On Thursday, the state of California urged a state judge to issue a preliminary injunction that would require Uber and Lyft to classify their drivers as employees, which they have failed to do despite California legislators passing a law last year that would require them to do so in order to improve the livelihoods of gig workers.
But as officials and lawyers argued in court over the new law, which would make drivers' lives better yet reduce ridesharing corporations' revenues, drivers in support of the injunction gathered in Los Angeles in Oakland for their own hearing, which they dubbed a "people's hearing."
In Oakland, a group of drivers from the organizing groups Gig Workers Rising, Rideshare Drivers United and We Drive Progress held a rally titled to demand the employee status they are legally owed under state law.
"We knew it was also important that we have a people's hearing that involved having an indictment against Lyft and Uber for misclassifying its employees which have denied us basic labor rights, such as unemployment insurance, wages in overtime and protective equipment doing these pandemic times," Cherri Murphy, social justice minister in the East Bay and leader at Gig Workers Rising and Drivers United, told Salon.
Murphy added that driving for Lyft during the pandemic has been especially trying as an independent contractor.
"We have been faced with a choice, a devil's choice, of whether or not we continue to work despite a disease that has the ability to kill us, or we work to ensure that we have housing and enough money to pay our bills," Murphy said.
As Salon has previously reported, many Uber and Lyft drivers haven't received unemployment benefits for obscure reasons — either the state's fault, or Uber and Lyft's fault, depending on one's interpretation as to whether they're employees or independent contractors.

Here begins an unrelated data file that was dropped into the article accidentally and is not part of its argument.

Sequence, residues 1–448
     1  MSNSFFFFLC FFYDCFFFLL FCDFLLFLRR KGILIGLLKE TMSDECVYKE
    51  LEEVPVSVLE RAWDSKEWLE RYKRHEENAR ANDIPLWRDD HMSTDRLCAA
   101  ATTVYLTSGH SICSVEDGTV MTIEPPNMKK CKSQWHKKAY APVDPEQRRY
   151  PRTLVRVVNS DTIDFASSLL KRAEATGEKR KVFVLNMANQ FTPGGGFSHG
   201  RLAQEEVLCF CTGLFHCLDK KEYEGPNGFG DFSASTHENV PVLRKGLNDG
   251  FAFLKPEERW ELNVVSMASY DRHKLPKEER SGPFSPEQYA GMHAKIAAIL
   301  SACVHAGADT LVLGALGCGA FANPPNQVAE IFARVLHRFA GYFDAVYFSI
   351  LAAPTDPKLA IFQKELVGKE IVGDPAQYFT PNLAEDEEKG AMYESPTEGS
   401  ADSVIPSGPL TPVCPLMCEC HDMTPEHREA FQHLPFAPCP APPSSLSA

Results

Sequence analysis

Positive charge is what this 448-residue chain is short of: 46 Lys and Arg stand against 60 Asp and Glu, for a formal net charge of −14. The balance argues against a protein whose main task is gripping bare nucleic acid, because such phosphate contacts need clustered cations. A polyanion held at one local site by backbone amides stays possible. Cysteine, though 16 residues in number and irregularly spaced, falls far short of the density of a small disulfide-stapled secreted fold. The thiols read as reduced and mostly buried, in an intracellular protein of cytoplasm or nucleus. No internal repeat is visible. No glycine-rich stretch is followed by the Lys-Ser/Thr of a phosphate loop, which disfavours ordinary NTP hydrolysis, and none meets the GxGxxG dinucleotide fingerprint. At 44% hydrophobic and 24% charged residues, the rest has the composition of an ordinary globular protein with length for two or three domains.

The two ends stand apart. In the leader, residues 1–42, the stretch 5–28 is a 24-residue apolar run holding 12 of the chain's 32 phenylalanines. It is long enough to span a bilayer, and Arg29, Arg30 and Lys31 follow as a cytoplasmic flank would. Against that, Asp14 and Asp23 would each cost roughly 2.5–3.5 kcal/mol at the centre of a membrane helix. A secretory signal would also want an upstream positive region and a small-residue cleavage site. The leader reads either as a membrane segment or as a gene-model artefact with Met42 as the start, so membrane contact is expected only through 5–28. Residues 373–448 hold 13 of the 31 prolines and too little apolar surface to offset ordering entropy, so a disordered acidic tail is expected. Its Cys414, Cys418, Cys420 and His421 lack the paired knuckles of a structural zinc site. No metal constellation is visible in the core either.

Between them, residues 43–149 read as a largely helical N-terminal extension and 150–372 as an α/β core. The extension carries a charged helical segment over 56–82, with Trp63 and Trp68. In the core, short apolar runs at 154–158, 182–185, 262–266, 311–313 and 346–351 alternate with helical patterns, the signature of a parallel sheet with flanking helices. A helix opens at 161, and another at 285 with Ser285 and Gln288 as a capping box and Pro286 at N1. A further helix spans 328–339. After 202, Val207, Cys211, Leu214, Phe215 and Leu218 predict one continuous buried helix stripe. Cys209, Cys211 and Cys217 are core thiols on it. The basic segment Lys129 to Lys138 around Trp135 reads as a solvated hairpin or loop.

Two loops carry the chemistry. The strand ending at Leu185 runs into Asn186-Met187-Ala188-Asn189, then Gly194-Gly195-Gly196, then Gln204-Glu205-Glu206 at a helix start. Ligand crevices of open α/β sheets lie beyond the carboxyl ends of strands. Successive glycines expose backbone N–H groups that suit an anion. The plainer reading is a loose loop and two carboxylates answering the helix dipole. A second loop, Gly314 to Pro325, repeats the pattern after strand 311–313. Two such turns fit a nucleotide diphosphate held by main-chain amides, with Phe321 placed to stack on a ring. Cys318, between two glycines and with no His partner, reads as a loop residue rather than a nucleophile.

Luz Laguna, a driver for both Uber and Lyft, has had to keep driving during the pandemic because she hasn't received unemployment in California yet.
"You know I'm a single mother of four children, and I've been working through the whole pandemic," Laguna said. "I applied for unemployment, but I still haven't received no benefits, so I'm still working out in the streets working more, like, seven days, eight hours a day, it gets really tired."
Laguna said she applied for unemployment in early March and was denied. Since then, she has applied for the Pandemic Unemployment Assistance program in California, but has yet to receive benefits. California's unemployment benefits have recently been extended for another 20 weeks.
Laguna attended a rally in Los Angeles on Thursday to join fellow drivers and demand justice as employees of Uber and Lyft.
"We are full-time employees, as independent contractors or non-independent contractors — it's still, you know this schedule of hours, It's full time with overtime," Laguna said.
Drivers also protested the Uber and Lyft-funded ballot measure, Proposition 22, which will appear on the November ballot in California. If passed, would exempt these companies from Assembly Bill 5, which currently requires Uber and Lyft to classify their drivers as employees. The astroturf campaign has been said to cost the rideshare giants $110 million, which many drivers have criticized as they struggle to receive even basic support, like personal protective equipment and hand sanitizer, from their employers.
Hector Castellanos, a Bay Area driver for Lyft and Uber and leader with We Drive Progress, told Salon that if Proposition 22 passes in November it will be a major setback for labor rights, and the community at large.
"We're going to keep pushing and pushing, we need to spread the word to everyone that Prop 22 is going to hurt — not just drivers, but taxpayers — it's going to hurt everyone," Castellanos told Salon.
On Wednesday, the California Labor Commissioner announced its plans to sue Uber and Lyft for wage theft and seek to recover unpaid wages for drivers.
"The Uber and Lyft business model rests on the misclassification of drivers as independent contractors," California Labor Commissioner Lilia García-Brower said in a press release. "This leaves workers without protections such as paid sick leave and reimbursement of drivers' expenses, as well as overtime and minimum wages."
Indeed, while workers have support from local legislators and the government labor commission, many of them will keep fighting until justice is served.
"Make no mistake about it, that the stories that were heard today are stories of those who have been denied their basic protections as rideshare drivers," Murphy told Salon. "There will be no peace, until there's justice."